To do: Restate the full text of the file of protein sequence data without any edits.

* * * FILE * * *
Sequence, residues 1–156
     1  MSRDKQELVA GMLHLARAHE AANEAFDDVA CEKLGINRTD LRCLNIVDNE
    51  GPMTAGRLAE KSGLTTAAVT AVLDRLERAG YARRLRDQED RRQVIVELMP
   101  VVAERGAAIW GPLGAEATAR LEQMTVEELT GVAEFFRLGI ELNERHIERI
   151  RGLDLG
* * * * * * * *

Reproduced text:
Sequence, residues 1–156
     1  MSRDKQELVA GMLHLARAHE AANEAFDDVA CEKLGINRTD LRCLNIVDNE
    51  GPMTAGRLAE KSGLTTAAVT AVLDRLERAG YARRLRDQED RRQVIVELMP
   101  VVAERGAAIW GPLGAEATAR LEQMTVEELT GVAEFFRLGI ELNERHIERI
   151  RGLDLG